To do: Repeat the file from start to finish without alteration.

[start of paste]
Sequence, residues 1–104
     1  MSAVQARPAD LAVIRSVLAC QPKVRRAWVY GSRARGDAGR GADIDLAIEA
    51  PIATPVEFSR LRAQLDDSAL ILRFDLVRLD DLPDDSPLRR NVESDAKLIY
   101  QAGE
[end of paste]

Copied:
Sequence, residues 1–104
     1  MSAVQARPAD LAVIRSVLAC QPKVRRAWVY GSRARGDAGR GADIDLAIEA
    51  PIATPVEFSR LRAQLDDSAL ILRFDLVRLD DLPDDSPLRR NVESDAKLIY
   101  QAGE